He should have expected this to happen, should have looked closer at Jim's expression and seen the Last Stand reflecting back at him. Maybe if he had visited engineering, he would have overheard how the system had failed them and how someone would have to manually operate it. Maybe, he would've noticed the branch from recklessness to fatalism in Jim's behavior, the determined growth from neophyte captain to sacrificial lamb, and done something about it. But, instead, he stands with his face against the window watching his friend fade into nothing, much like his friend's father had, and feels a sharp stabbing in his stomach.
Give him the whiskey and failed dreams of the perfect family any day over this. He pushes his forearm against his eyes and attempts communication one more time, knowing that Jim won't reply.
"You guys have been great," Jim said through the communicator after the door had slammed shut. "Get to safety. It has been an honor serving with you and knowing you." And not a word since.
"Jim," he whispers into the communicator, hoping to receive one last transmission. "Jim?"
And empty space swallows him whole.
It would have been a struggle to reach the nearest base but, luckily, they're intercepted by two old ships (drawn from retirement with the destruction of half the fleet) and taken aboard to safety before any trouble sets in. Already, the Enterprise is far in the distance and the hollowness in his stomach has grown into a cancerous lump in his chest. With little enthusiasm (or much of his normal cynicism) he helps unload his patients and delivers his conclusions to the medical staff. They have a lot on their hands- especially with Captain Pike who has taken a dangerous plunge since they departed- and he can't stand the thought of losing even one more person to the idiocy of Nero.
There's the fluttering discussion of returning to the ship and retrieving Jim now that help has reached them. They have supplies, now, ability now to pry open the Enterprise and save the young Captain from the floating deathtrap. But he already knows that Jim's suffocated, that all the rescue team will find is a blue lipped, deathly still shell that once sported ingenuity and bravery; they will find out exactly what happened to the man who believed, honestly, that a no win situation did not exist. He doesn't think he can handle being there when they bring Jim's body aboard a shuttle; he doesn't think he can handle being the one to confirm that Jim's death.
But, in the end, he doesn't have a choice. After conferring with his colleagues, he finds himself carted into the shuttle which will return to the Enterprise to "assess damage and casualties." It's fancy terms for gawking, and he makes certain to stare resolutely at the floor as they creep backwards. Any of his protests- and he squawked a bit at first, hedging that he had patients, that he had a place, that he didn't need to go on a suicide run- have been dismissed with little explanation beyond "They will need the services of an achieved medic." They refuse to accept that he's tired, exhausted even, and isn't prepared to do this. Limited resources, they say, welcome to the life of Starfleet.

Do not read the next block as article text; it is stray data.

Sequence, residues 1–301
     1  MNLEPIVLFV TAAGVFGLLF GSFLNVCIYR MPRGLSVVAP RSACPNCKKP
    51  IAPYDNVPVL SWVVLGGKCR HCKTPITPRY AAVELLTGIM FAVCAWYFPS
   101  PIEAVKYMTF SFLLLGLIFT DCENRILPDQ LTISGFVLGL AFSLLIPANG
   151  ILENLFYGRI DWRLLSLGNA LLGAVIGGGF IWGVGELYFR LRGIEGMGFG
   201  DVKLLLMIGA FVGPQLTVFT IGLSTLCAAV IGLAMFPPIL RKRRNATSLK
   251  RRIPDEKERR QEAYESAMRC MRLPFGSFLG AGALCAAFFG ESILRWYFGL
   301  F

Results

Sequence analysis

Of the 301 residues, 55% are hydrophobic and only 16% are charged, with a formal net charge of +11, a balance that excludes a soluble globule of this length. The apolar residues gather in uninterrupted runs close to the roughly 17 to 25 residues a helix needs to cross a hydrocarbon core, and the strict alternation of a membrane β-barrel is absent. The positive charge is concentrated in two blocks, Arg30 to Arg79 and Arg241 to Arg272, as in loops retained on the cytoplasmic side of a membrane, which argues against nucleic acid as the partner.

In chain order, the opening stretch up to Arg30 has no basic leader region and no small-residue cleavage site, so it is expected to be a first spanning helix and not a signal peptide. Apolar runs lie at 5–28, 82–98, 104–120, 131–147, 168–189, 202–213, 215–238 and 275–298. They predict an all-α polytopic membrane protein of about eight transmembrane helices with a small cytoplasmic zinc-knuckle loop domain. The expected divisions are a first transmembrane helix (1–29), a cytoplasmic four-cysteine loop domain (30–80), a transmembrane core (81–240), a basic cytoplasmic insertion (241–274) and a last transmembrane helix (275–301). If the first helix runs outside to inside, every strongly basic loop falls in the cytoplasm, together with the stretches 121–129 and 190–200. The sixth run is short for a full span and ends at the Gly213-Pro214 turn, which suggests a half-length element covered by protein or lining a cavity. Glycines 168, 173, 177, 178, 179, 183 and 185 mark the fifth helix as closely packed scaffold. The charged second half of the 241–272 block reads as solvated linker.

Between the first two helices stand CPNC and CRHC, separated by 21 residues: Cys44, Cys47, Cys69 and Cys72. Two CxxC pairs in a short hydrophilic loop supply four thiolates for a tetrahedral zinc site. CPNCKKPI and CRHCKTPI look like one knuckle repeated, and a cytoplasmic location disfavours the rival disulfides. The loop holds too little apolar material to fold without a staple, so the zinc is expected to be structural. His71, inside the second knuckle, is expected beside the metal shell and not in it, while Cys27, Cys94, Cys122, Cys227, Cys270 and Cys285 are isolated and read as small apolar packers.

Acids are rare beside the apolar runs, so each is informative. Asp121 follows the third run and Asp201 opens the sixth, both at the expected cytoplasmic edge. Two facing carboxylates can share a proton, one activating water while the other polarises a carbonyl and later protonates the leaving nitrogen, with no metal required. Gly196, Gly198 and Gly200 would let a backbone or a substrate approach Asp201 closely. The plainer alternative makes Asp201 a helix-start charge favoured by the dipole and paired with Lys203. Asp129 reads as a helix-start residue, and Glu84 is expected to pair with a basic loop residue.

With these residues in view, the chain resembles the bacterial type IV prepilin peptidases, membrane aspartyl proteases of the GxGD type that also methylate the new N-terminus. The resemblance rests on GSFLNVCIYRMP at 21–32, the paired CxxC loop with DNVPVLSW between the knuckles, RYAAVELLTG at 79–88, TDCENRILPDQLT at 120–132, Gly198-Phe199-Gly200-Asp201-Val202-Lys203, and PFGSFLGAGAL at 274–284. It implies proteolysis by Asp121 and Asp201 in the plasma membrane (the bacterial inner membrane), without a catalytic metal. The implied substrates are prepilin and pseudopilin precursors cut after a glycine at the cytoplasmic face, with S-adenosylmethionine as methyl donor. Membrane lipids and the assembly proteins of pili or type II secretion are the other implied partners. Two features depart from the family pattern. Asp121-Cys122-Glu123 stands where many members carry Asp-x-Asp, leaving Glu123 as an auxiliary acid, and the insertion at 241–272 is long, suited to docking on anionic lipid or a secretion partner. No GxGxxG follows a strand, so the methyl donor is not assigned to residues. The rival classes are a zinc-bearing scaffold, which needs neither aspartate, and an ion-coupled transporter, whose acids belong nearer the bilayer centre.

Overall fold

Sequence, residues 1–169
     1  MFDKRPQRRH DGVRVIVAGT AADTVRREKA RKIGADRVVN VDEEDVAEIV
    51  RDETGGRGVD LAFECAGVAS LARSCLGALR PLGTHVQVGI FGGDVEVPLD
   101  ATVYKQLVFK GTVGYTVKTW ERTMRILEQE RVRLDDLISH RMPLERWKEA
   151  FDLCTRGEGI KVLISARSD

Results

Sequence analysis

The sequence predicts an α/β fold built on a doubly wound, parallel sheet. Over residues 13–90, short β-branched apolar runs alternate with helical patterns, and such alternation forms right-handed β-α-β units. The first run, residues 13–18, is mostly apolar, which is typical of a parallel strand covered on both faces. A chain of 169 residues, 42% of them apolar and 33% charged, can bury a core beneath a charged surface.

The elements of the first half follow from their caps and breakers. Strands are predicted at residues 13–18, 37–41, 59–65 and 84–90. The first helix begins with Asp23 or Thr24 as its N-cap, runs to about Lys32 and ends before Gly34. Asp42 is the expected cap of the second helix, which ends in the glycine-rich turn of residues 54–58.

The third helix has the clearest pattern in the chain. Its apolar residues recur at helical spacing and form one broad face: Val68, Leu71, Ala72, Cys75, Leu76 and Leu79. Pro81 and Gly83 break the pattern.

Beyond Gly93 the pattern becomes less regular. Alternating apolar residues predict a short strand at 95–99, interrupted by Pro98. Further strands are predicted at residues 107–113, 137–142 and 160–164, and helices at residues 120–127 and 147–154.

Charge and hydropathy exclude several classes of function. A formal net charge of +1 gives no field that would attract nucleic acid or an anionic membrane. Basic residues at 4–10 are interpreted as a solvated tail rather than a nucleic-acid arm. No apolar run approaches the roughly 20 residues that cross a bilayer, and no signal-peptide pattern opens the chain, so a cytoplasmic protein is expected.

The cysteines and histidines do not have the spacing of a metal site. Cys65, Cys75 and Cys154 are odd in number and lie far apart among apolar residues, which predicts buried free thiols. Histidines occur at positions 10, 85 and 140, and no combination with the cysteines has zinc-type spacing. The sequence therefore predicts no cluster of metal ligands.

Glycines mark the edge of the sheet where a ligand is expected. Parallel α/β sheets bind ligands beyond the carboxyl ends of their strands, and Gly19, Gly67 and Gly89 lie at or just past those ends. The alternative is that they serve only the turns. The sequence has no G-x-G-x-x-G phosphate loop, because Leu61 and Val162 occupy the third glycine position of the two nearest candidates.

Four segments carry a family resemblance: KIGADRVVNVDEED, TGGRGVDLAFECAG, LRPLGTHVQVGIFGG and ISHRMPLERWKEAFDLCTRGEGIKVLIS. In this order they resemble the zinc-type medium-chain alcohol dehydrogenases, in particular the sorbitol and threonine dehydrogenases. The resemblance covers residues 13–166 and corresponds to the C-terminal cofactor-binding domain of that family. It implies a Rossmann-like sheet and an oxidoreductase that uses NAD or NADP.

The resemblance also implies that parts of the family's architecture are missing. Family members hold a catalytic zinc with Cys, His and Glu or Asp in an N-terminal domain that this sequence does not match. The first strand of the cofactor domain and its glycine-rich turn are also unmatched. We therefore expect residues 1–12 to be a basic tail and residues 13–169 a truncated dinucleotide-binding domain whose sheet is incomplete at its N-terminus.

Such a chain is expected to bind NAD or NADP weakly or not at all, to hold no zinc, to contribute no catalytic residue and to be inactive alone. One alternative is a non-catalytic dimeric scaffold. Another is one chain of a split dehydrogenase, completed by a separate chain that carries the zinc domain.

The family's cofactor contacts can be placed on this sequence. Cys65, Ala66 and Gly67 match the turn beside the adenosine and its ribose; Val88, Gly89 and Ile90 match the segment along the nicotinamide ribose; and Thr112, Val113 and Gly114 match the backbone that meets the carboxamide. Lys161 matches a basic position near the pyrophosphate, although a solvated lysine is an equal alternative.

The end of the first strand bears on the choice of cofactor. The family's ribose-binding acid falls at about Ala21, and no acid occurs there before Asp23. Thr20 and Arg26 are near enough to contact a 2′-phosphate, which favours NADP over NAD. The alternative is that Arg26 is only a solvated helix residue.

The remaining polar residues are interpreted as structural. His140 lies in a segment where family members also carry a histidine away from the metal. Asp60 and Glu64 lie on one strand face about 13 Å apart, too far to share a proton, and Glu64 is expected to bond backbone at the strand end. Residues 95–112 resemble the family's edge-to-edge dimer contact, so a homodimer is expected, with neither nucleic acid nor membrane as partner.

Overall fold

They send Sulu back as well along with Spock to lead the team. The Vulcan calmly acts as though nothing has happened. None of the previous strain that Jim evoked graces his features as he checks their path, discusses infiltration with the specialist they acquired on the other ship, or paces the small interior. He's so damnably even tempered that McCoy thinks he might explode just to cause a bit of stress. Everyone else radiates tension, sadness, unhappiness and Spock won't acknowledge it. Even when they reach the Enterprise and force the doors open- now within thirty minutes of finding Jim, dead-Spock remains in control.
Strangely, the lights are on even though the system had already perished before they'd launched. The doors close behind them and the atmosphere returns, allowing them to venture forth with minimal protection against space's inhospitable conditions. Cautionary masks, Spock insists, though they become unnecessary when they reach the inside of the ship. The lifts are working again, even stranger, and he waits by them while Spock and a small team go up and Sulu and another team go down. Next to him, a young woman stands, fidgeting, her eyes flickering about.
"It's kind of creepy," she finally says and he can't help but agree. This place should be completely gone and, yet, they've found it half-alive. The faintest glimmer of hope touches him but he stomps it flat. He refuses to be disappointed, refuses to show anything, when either team brings Jim back; he'll wait until later, when he can lock himself away and drown in alcohol, to give into the anguish.
He doesn't need the comfort, the anxiety, the idiocy, the emotional attachment. He knew this from the beginning, knew this from the moment he shared his flask with this kid that it was all a mistake. And, now, it's confirmed when Spock steps back out of the lift, his arms supporting a dazed, confused, but very much alive James Tiberius Kirk. Without warning, his resolve melts and he rushes forward, heedless of injury, of emotional display, of anyone else, and flings his arms about Jim.
"Shit, kid," he manages around a rather large lump in his throat. "Shit."
"Sorry," Jim whispers. He says it into McCoy's shoulder because he can't stand straight. He returns the hug, just a bit, but his arms are pinned to his sides by McCoy's vigor and he doesn't appear to have the strength to fight it. Together, they sink down, Jim leaning heavily against him and he struggling, in vain, against the tears trickling down his cheeks. Spock has, thankfully, led the rest of his team away to double check that no one else is aboard and the girl is staring in the opposite direction.
"See," Jim mumbles when McCoy finally pulls back. "I told ya. The test's rigged."
He blinks at Jim, blinks at the cockiness, blinks at the future promise of shenanigans and the justification of tomfoolery.
"No such thing as a no win situation," Jim clarifies, as though he doesn't already know what Jim meant; as though he doesn't already know that some impossible explanation lingers behind the ship still working and Jim still breathing; as though he hasn't concluded that Jim's done something fantastical and cheated fate itself.
He has only one answer for it. "Fuck you, you dumb ass."
But he has to admit, he'll take this over the bottle and the emptiness any day.